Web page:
Investigating the genetic basis of pork tenderness: Genomic analysis of porcine CAST

S. N. Meyers, J. E. Beever

Research output: Contribution to journalArticlepeer-review


A quantitative trait locus (QTL) affecting pork tenderness was recently detected within the Illinois Meat Quality Pedigree (IMQP) and fine-mapped to the region of porcine chromosome 2 (SSC2) harbouring the functional candidate gene calpastatin (CAST). To identify molecular variation that may underlie the observed differences in tenderness phenotypes, we characterized the porcine CAST gene and analysed allelic variation within the F1 boars of the IMQP. The complete genomic sequence of porcine CAST has been determined, and was found to contain 35 exons spanning nearly 123 kb. Using the rapid amplification of cDNA ends (RACE) method, calpastatin transcript types I-III, as well as a putative novel transcript type, were detected within porcine skeletal muscle. Variability in transcription initiation and termination sites was observed, and alternative splicing of exons 1y and 3 was evident. Nearly 77.6% of the CAST gene, including all exons, was re-sequenced from each of six IMQP F1 boars, and almost 900 polymorphisms were identified. The heterozygosity of nearly 400 polymorphisms appeared to be concordant with the previous QTL data, and the location of this variation within the CAST gene suggests that a causative mutation is likely to be regulatory. Functional characterization of CAST variation should enhance understanding of the molecular basis of pork tenderness, and thus allow for genetic improvement of pork products. The effectiveness of CAST polymorphisms for marker-assisted selection of pork tenderness can now be assessed.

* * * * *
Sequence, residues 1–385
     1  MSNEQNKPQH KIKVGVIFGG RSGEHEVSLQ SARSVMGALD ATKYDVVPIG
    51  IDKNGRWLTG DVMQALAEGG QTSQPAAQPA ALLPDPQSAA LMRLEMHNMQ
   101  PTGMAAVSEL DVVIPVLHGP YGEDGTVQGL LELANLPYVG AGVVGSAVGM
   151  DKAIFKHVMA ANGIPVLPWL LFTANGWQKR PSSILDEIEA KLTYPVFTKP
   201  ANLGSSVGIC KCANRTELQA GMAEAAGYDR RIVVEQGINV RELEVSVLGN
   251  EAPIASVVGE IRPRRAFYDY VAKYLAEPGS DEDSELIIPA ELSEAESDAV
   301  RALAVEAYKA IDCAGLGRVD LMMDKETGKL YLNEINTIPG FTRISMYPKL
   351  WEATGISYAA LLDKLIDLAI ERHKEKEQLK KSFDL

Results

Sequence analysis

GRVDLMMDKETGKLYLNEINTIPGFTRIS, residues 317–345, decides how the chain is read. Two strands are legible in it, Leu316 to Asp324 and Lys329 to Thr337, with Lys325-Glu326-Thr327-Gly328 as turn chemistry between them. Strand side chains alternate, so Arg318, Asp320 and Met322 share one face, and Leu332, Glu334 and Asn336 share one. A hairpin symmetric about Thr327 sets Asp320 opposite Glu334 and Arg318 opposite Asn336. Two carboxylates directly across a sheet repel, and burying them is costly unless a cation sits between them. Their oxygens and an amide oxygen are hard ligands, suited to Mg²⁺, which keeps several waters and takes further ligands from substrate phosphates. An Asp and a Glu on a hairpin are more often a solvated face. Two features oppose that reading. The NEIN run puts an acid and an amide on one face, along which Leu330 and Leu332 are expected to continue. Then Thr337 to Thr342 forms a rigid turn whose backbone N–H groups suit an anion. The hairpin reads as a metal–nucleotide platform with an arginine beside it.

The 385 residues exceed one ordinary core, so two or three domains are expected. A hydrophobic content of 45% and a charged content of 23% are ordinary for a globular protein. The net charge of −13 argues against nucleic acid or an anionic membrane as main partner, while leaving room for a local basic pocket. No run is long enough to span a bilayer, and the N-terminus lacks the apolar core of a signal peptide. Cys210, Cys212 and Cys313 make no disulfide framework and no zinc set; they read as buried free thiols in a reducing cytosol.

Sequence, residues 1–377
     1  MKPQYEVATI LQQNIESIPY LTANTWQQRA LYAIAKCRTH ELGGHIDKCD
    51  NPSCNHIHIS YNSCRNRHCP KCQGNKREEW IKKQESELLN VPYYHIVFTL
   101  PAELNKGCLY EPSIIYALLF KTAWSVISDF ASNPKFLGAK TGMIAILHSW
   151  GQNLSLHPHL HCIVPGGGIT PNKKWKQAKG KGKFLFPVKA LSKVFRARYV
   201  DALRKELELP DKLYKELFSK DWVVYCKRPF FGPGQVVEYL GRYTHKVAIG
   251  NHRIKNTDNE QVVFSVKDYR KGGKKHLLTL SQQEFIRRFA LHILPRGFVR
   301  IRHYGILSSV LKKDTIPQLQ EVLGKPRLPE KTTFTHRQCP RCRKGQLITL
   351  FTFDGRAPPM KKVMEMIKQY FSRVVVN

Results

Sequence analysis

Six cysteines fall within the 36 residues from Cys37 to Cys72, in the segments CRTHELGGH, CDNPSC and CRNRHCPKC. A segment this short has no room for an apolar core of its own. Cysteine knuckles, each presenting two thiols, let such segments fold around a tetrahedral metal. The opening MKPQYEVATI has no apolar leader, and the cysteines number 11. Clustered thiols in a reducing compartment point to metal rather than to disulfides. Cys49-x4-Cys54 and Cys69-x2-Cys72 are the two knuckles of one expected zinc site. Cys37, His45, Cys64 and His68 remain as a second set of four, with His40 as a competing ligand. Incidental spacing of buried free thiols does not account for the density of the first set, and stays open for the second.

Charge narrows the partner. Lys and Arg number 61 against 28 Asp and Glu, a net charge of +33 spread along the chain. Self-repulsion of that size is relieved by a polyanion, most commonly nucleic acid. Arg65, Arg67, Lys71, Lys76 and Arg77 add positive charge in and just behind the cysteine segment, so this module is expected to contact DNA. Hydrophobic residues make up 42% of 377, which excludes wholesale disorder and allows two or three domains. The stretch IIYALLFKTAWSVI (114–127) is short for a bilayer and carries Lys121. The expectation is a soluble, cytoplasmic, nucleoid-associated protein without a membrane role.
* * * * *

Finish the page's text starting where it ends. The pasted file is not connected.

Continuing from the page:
Original languageEnglish (US)
Pages (from-to)531-543
Number of pages13
JournalAnimal genetics
Issue number5
StatePublished - Oct 2008
Externally publishedYes


  • CAST
  • Calpastatin
  • Meat quality
  • Porcine
  • Pork
  • Tenderness

ASJC Scopus subject areas

  • Animal Science and Zoology
  • Genetics


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